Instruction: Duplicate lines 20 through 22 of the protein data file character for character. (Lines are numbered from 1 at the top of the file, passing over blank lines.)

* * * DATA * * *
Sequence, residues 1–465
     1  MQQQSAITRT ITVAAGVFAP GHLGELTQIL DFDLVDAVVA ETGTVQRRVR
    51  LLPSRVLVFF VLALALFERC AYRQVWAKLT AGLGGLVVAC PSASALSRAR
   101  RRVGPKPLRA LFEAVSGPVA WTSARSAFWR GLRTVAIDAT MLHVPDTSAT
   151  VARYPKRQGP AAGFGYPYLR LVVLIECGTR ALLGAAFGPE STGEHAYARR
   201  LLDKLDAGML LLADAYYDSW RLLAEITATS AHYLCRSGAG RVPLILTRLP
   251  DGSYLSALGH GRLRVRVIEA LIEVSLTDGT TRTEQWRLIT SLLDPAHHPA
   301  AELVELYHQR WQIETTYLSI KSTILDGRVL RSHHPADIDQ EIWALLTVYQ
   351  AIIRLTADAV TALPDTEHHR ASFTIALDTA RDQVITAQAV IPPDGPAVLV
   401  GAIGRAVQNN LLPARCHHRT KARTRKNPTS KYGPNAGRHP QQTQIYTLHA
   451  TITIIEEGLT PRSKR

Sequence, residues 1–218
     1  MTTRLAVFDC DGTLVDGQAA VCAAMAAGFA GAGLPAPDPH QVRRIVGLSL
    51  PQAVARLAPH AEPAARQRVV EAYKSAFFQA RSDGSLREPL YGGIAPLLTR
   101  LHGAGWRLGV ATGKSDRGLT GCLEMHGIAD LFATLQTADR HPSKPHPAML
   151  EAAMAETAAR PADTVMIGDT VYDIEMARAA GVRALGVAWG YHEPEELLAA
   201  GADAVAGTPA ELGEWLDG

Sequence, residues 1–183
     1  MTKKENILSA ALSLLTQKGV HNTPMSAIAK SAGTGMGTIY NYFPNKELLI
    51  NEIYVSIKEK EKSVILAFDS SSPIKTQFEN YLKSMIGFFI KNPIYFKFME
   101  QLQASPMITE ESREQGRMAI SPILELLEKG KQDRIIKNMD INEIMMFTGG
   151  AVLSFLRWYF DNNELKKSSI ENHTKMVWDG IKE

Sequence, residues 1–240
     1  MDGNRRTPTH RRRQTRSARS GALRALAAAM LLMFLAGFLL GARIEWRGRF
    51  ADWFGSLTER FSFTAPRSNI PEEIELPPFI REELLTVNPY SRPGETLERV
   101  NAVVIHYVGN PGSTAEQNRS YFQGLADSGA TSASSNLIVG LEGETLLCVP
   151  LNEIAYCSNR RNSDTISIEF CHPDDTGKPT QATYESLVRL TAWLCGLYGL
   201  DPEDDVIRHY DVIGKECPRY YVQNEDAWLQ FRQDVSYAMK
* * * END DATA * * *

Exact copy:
    51  NEIYVSIKEK EKSVILAFDS SSPIKTQFEN YLKSMIGFFI KNPIYFKFME
   101  QLQASPMITE ESREQGRMAI SPILELLEKG KQDRIIKNMD INEIMMFTGG
   151  AVLSFLRWYF DNNELKKSSI ENHTKMVWDG IKE